In a new Vanity Fair article, Blackwater CEO Erik Prince fashions himself as a swashbuckling Wild Bill Donovan recruited by the CIA to pull off the toughest, most clandestine operations. He comes off as vain and insecure. But if his account is correct, it rips open a closed package of secrets.
Prince offers details on the targeted assassination program that
CIA Director Leon Panetta terminated earlier this year. He reveals
something long-rumored but kept secret, even from the journalists who
leaked details of the program. According to Prince, the Blackwater team
traveled to Germany, surveilled Al Qaeda financier Mamoun Darkazanli,
and prepared to assassinate him. The CIA did not inform its own station
chief that the team was in the country, and they did not inform the
host country. What Prince describes is a serious violation of NATO
intelligence sharing arrangements -- and certainly provides an example
of why the CIA's association with Blackwater became so controversial
within the agency. It would also contradict what CIA Director Leon
Panetta and others have told Congress, namely, that the program was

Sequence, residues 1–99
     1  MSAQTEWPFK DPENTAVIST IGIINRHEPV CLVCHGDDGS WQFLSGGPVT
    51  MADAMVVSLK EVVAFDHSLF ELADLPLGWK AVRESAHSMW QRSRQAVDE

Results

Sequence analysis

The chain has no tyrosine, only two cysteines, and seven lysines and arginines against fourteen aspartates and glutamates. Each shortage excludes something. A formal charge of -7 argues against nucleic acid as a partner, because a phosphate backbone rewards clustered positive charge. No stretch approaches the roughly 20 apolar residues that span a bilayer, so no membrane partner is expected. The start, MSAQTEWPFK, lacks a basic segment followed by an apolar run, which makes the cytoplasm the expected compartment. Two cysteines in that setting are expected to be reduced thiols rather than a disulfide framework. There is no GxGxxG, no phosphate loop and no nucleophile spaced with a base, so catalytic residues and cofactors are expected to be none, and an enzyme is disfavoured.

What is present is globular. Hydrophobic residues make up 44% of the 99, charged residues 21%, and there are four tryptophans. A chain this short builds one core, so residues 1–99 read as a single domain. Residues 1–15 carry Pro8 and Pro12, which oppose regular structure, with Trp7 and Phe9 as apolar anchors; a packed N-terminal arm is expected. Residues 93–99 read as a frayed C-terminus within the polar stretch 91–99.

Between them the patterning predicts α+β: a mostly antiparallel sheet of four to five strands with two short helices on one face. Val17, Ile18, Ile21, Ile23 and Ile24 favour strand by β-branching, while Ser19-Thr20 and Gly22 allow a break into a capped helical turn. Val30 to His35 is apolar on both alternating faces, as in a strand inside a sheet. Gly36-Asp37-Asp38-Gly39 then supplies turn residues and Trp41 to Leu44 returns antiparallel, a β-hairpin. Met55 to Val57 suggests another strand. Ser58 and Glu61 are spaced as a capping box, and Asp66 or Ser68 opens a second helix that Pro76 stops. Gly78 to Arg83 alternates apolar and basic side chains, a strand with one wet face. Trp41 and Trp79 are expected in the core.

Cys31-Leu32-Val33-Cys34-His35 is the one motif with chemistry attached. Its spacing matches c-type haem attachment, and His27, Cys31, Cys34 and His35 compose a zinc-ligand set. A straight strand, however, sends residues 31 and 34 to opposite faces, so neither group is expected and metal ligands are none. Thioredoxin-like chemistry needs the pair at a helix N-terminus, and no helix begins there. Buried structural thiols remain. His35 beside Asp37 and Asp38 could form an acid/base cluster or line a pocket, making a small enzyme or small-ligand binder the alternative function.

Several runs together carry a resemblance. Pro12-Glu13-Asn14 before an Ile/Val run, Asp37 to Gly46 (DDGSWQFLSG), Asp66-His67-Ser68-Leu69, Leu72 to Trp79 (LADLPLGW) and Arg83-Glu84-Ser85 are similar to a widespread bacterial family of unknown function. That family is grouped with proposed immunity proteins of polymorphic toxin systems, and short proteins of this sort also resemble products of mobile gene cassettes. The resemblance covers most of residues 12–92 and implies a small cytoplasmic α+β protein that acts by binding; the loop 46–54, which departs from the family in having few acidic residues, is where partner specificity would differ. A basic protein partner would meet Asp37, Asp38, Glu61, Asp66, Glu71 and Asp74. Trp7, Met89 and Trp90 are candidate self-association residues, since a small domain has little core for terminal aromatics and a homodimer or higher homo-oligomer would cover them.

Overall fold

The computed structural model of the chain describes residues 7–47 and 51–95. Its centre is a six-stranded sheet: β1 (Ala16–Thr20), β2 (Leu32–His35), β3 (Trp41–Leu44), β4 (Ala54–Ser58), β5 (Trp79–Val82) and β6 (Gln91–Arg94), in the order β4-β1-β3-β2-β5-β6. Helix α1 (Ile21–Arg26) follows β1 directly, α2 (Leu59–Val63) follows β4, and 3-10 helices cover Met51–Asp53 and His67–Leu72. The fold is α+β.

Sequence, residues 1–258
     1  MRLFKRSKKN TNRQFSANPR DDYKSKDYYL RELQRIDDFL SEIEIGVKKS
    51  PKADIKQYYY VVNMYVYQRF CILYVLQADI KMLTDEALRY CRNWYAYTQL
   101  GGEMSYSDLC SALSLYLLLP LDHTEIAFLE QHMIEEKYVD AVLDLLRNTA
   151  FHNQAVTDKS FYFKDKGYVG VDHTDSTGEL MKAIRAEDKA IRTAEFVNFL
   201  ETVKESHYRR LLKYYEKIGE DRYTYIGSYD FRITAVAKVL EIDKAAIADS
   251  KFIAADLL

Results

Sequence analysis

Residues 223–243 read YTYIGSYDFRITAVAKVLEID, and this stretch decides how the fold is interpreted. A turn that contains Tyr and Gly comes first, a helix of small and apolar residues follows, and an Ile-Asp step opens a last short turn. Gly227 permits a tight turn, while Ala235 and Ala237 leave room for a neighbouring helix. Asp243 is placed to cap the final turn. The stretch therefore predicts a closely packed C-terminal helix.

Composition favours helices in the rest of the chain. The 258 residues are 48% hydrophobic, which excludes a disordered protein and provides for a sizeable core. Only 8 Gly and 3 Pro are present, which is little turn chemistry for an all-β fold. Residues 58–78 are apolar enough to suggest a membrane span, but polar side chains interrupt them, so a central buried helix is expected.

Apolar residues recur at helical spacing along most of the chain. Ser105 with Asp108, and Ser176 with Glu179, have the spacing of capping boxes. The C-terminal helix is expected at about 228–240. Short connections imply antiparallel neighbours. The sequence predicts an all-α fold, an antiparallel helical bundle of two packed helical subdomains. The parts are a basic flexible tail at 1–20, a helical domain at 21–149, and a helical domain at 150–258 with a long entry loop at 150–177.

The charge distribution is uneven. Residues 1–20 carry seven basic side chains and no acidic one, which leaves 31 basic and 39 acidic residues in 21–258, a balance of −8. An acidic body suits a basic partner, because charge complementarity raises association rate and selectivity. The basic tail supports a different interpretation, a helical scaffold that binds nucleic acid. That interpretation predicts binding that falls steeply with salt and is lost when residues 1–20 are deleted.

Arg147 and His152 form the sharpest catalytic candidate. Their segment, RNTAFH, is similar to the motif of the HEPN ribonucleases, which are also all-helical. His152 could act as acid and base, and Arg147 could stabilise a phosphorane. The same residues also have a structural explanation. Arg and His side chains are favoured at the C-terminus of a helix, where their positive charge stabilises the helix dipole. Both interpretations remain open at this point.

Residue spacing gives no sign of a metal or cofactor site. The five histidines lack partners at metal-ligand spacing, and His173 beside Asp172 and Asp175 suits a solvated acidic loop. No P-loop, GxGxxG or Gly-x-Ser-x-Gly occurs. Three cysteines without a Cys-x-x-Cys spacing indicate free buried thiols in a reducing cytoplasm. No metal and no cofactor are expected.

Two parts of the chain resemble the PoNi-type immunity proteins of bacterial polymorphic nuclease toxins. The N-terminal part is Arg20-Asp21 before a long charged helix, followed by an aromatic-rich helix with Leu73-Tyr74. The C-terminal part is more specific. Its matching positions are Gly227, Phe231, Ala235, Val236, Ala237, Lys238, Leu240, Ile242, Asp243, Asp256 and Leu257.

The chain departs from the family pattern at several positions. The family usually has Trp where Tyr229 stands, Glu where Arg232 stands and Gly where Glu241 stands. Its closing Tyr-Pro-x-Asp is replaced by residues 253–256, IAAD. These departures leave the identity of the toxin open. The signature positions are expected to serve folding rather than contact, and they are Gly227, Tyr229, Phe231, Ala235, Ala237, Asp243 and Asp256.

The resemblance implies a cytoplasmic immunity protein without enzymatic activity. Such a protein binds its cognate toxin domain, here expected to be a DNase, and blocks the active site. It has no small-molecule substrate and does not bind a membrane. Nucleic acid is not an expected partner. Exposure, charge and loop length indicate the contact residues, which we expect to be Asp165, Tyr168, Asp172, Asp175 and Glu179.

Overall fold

never operational. As recently as two months ago, Prince and a team
were overseeing intelligence missions in one of the Axis of Evil
countries -- Iran, probably -- from a location inside the United States.
accused of orchestrating all kinds of malfeasance and misconduct as the
company's CEO, claims he was a CIA asset, recruited by the agency's
domestic division in 2004. He even had a "201 File" in the CIA's
central registry, meaning that he was designated an intelligence asset.
(BTW: is it legal for a CIA asset to out him or herself?). After 2001,
Prince tried to join the CIA but was rejected, he says.
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is a contributing editor at The Atlantic
. He is also a senior contributor at Defense One
, a contributing editor at GQ, and a regular contributor at The Week